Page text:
I found my own Trinidadian upbringing confusing. On one hand, I was made to believe that race mattered very little, echoing sentiments of postraciality that surfaced after President Barack Obama was elected. My schoolbooks emphasized that Trinidad and Tobago was a rainbow utopia, evident by the shoehorning of as many creeds and races as could possibly fit into small, grayscale pictorial representations. I’d look at my face in the mirror—my light but definitely brown skin, my broad nose—clocking my features against the fact that my last name was confusingly Chinese (my great-grandfather on my dad’s side came from there) and wondering what the hell I was.
In the Caribbean, there are so many complex relationships with our Blackness, what Blackness could look like and who got to be Black in the first dang place. In islands like Trinidad where you have a more visible history of non-Black people of color (primarily Indian and Chinese) marrying and loving Black people, Blackness is complicated. And so is your understanding of where white supremacy fits in to the conversation. Because the people in power in Trinidad, in the Virgin Islands, in Jamaica… aren’t actually or typically white people. And yet, white supremacy thrives in these places to the point of harming people of color who live there.
TRAN: So the first thing I want people to know is that solidarity is there. It’s been there. You know, we can trace the historical roots of Asian-Black solidarity back to 1955 with the Bandung Conference, where representatives of people from the Asian continent and folks on the African continent came together to talk about what decolonization was going to look like for both of us. Fast forward to things like the relationship between Thich Nhat Hanh and Dr. King, and then all the way to, you know, the fight against the Klan in New Orleans in the ’80s with Vietnamese fishermen.
So within the American imaginary, we are interested in racial antagonism between Black and Asian folks. However, what we see time and time again is that we also work in concert against racial injustice. And the most recent iteration of what that looks like is the formation of Asians For Black Lives in 2014, 2015, after the call for solidarity from Black Lives Matter.
Speaking of white supremacy, I mean… that’s the whole insistence on there being this entire lack of solidarity between Black and Asian communities. That’s a lie. Yes, solidarity can seem like a myth because of how many people insist on getting in their own way in service of white supremacy, but it exists between our communities. It has always existed. It can be difficult to remember sometimes, but it’s there. We’re living it, or trying to…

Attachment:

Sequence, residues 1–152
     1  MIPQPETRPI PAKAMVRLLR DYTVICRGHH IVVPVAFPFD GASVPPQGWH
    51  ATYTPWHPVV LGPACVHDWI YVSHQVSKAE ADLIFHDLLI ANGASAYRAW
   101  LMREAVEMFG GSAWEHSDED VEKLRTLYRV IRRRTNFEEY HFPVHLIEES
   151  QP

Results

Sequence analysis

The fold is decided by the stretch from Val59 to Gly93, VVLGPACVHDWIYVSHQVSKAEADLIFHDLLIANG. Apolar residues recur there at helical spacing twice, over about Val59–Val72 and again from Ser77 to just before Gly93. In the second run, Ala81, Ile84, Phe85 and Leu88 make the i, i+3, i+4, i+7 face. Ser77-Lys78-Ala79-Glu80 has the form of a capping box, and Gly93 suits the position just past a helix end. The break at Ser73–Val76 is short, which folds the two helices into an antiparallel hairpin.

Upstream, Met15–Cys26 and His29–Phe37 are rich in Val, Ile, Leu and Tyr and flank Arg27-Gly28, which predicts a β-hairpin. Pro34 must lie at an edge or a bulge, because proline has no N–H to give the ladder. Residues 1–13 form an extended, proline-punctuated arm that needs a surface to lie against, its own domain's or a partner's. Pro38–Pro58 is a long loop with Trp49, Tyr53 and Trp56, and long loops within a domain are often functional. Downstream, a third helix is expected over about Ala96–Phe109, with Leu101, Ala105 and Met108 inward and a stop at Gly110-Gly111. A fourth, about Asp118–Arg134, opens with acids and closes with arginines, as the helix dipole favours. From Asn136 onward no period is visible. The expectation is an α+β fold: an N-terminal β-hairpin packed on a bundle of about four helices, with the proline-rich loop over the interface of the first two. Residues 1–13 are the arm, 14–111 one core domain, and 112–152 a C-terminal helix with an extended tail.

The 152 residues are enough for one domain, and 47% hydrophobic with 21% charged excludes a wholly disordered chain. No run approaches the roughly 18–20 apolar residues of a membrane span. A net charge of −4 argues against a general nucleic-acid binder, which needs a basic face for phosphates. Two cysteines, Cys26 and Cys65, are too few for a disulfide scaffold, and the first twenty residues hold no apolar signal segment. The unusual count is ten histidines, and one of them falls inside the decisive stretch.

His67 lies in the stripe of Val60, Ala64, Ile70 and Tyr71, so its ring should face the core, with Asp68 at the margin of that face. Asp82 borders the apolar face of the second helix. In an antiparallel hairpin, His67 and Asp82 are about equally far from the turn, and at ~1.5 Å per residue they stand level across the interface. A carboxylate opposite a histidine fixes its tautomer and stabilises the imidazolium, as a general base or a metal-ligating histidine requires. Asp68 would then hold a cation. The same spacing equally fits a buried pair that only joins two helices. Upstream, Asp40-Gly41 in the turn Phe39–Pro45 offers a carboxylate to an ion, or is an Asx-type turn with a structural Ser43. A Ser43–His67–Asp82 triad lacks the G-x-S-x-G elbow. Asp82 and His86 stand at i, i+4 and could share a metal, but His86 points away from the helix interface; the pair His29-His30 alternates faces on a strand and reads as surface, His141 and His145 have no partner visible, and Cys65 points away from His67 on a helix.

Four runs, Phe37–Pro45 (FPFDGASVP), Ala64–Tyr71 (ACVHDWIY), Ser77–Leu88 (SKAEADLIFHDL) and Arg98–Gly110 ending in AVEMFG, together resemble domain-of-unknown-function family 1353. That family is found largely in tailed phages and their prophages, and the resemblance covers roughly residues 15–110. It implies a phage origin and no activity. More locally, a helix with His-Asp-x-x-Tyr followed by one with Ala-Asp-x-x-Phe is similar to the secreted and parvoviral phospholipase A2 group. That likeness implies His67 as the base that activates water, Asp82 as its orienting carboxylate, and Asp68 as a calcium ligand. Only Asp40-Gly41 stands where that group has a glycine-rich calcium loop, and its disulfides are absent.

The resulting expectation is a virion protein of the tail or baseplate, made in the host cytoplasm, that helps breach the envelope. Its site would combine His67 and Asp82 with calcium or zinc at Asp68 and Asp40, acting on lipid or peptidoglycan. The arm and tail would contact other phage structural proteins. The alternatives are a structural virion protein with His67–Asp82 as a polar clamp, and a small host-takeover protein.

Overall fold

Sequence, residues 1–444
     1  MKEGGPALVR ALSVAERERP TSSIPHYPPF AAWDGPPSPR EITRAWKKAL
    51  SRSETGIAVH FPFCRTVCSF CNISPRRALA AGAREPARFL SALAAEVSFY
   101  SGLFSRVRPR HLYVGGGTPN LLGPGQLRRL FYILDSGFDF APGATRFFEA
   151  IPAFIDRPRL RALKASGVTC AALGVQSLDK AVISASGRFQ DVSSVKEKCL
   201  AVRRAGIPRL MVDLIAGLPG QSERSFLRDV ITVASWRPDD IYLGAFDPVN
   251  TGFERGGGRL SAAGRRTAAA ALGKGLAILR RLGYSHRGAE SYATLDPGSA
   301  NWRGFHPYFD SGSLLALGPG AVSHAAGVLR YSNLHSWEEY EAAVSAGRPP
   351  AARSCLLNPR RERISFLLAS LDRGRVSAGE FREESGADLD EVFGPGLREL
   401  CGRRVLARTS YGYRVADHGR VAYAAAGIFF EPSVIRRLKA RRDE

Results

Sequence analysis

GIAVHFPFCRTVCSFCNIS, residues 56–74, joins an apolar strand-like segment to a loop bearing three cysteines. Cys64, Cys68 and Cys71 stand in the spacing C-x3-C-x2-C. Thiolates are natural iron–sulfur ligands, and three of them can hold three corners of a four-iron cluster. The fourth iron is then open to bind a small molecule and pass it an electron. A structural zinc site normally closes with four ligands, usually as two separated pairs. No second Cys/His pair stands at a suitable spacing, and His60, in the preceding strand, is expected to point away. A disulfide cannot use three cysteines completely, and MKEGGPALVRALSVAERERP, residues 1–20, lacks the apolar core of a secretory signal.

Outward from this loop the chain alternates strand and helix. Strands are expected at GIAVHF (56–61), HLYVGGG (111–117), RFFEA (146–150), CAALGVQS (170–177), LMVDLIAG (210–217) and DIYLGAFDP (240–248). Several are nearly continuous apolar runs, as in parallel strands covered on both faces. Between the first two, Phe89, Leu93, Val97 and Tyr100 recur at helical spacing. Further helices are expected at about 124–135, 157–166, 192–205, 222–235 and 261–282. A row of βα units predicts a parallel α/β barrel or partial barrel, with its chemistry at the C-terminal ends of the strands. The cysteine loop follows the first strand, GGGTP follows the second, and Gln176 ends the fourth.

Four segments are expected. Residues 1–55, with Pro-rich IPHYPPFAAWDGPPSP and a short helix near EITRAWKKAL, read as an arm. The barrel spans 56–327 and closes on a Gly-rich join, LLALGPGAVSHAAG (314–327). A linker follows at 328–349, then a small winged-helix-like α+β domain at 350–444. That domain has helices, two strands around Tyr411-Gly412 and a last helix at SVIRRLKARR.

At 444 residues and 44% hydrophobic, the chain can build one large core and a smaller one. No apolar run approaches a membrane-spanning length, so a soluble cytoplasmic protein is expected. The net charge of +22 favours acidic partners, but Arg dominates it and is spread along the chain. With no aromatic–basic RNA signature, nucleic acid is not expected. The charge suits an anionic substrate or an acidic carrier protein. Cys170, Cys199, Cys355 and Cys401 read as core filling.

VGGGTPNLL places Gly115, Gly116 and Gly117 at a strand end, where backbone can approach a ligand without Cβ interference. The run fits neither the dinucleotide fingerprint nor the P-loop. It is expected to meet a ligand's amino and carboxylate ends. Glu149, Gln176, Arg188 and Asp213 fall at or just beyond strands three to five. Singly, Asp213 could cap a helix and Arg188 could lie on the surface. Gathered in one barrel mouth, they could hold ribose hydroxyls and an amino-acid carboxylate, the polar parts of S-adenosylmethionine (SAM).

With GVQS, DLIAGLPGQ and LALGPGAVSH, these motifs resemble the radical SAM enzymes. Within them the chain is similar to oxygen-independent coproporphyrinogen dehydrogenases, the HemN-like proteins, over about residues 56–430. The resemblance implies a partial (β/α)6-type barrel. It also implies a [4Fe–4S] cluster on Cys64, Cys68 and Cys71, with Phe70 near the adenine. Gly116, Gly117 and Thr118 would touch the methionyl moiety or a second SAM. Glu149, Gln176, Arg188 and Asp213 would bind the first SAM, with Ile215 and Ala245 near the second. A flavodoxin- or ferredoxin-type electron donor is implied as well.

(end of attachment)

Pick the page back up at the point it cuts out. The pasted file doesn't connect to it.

The Brave Girls were losing courage just weeks ago, on the verge of breaking up and abandoning their dreams of K-pop stardom after years of going nowhere.
Then a pseudonymous YouTuber called Viditor uploaded a compilation of them performing on South Korean army bases — and saved their careers.
Brave Girls are just… so cool? I love this story of triumph and an underrated group being saved thanks to a viral video. “Rollin’” is such a fun song – I was singing the chorus just a few hours ago – and it brought Brave Girls back to the forefront of domestic and global Korean-pop stardom. I have never been this proud of a group in my life like… I can’t get over that these women are getting this second chance at global stardom and I am looking forward to supporting them in the future. They really deserve it!
In 2018, the artist Lorraine O’Grady said at a Brooklyn Museum book event, “In the future, white supremacy will no longer need white people.” That future is now.
O’Grady’s belief nods to the ways the structures of white supremacy are so ingrained in our culture that to exorcise them goes far beyond reckoning with whiteness itself. But after watching Them,Amazon’s latest “horror” anthology series, which dropped this past Friday, this quote came to mind for its distillation of the way people of color sometimes participate in their own degradation and in the systems that damage our lives and, in many cases, cut them heartbreakingly short.
I got major Bad Vibes from Them from the moment the poster dropped. Every single thing I’ve seen about the series has reinforced those vibes. This review, by Vulture’s Angelica Jade, gets at the meat of the issues present with Them. This series is… bad. It’s bad, it’s painful, and I don’t think Black people are its audience at all. From weird choices it makes from the premise – why would a family fleeing white supremacists who killed a child move to a place… where they were the only Black people? – to the gratuitous depictions of violence on-screen, this is a series that didn’t have to be made. From the title and font, people made connections to Us. Like the goal was clearly to evoke a similar sense of disquiet with the narratives on display. However Us isn’t wallowing in (internalized?) antiblackness the way Them is.
“When it comes to a commitment to [spending] tens of millions of dollars, people can talk about inclusion and diversity, but they also tend to be very conservative,” Lin said. “When we presented the fact that we wanted to have all these three-dimensional Asian American characters, there was a price point, you know?”
But, as Tropper said, the Asian characters were always “the purpose of the show.” To that end, Warrior employs an unusual strategy regarding language: While the drama cleverly acknowledges that their first language is Cantonese, Chinese characters on Warrior usually speak to each other in unaccented English, complete with epithets and casual slang.
I want to watch this. This article legitimately made me want to watch this. I don’t have this subscription so I can’t, but Warrior seems like the kind of historical series that was made for me to bask in. And I really do like this piece that covers the extent that the show’s cast and creators have to go to in order to get the dang thing made in the first place and how it’s pushing back against accepted (and frankly racist) myths and characterization practices in Hollywood!